Trying to understand New Jersey’s new flood disclosure laws? We can help.

April 24, 2023

**Note: This law has been conditionally vetoed. We will update the content of this post when the bill is passed.

In March, New Jersey enacted one of the country’s strictest flood risk disclosure laws. The law requires property sellers to disclose flood risk information to potential buyers and renters. The goal is to ensure that potential buyers and renters have a complete understanding of the risks and costs associated with the properties they are interested in. The requirements apply to all residential property sales, including single-family homes, townhouses, and condominiums located in a special flood hazard area.

New Jersey is faced with threats from both coastal and stormwater flooding, and many communities have expressed concerns about the growing costs of flood damage, as well as never being warned about the risks when moving in. To address this, The Rise to Resilience (R2R) Coalition pushed to formalize legislation, making New Jersey the 30th state in the US to require written flood risk disclosures.

In terms of the details, the law requires property sellers and landlords to provide buyers and renters with a notice before closing a sale. The notice includes details on whether the property is in a designated floodplain, the history of flood damage, the projected flood risk, if flood insurance is required, the cost of the flood insurance premium, and other pertinent information. 

The specific questions addressed in the notice include:

  • Whether the property is in a designated floodplain (100-year or 500-year FEMA flood zone).
  • If the property ever experienced any flood damage, water seepage, or pooled water due to a natural flood event, such as heavy rainfall, coastal storm surge, tidal inundation, or river overflow. If so, how many times?
  • Whether the property is required by law to maintain flood insurance; and information pointing to online and updated future flood projection maps and data.*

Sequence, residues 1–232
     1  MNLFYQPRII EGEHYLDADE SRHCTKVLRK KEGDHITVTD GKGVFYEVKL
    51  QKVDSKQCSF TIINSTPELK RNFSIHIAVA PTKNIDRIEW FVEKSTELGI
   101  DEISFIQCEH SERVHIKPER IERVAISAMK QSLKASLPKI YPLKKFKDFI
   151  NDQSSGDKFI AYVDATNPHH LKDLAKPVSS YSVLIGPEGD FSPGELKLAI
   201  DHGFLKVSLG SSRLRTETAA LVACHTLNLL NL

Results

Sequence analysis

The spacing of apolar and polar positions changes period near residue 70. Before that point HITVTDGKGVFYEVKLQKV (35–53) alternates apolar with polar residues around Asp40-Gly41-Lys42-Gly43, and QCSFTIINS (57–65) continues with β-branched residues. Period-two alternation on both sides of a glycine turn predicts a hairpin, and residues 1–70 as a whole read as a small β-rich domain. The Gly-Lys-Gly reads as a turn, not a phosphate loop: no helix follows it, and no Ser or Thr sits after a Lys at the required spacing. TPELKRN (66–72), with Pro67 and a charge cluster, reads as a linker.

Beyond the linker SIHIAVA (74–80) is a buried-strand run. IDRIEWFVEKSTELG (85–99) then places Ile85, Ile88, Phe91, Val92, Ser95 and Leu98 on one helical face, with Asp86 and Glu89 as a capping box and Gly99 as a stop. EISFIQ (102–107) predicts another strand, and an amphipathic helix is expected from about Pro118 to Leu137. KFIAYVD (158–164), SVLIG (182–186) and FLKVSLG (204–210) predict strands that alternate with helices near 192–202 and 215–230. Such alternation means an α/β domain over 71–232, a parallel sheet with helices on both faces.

• If the property ever received assistance from FEMA or any other federal disaster flood assistance for flood damage.*
  • If there is a FEMA elevation certificate available for the property. *
  • If a claim for flood damage to the property with any insurance provider, including the National Flood Insurance Program has been filed.*
  • If the property is located in a designated wetland.*

*Indicates disclosure for homebuyers, not renters.

While the information required for the notice is available, it is often dispersed, which may present challenges for local government officials. The good news is, Forerunner’s floodplain management platform can help. Our platform consolidates flood risk data and documents, so local governments can plan proactively and communicate flood risk more effectively. 

One of Forerunner’s features is a public-facing website. This feature enables communities to share property-level flood risk data and documents publicly. The white labeled website stores relevant data and documents, such as Elevation Certificates (ECs), Letter of Map Revisions (LOMAs), and Floodplain Development Permits, in one place. It organizes everything clearly in property profiles, making it easy to gather information on a property. The website also includes a “Get Help” form that automatically logs inquiries, minimizing calls to local officials.

Some governments in New Jersey have already taken steps to implement Forerunner, including Brick Township. Elissa Commins, Floodplain Manager and co-CRS coordinator in Brick, notes, “I can't tell you how awesome the Public Property Profile feature is. It looks so professional and residents can manipulate the data to get an understanding of the differences between FIRMs. Every time someone calls now, I say ‘Yeah, just give me your email. I’ll show you all of the information,’ and send them a Public Profile.”

We will continue to build more features to support new regulations and changes. If you are interested in learning more, please reach out to or request a demo

As flooding continues to increase across the country, it is likely that more states will adopt stricter disclosures over time. Taking action to drive awareness and increase transparency is difficult, but we believe it is well worth the effort to create more resilient communities in the future. 

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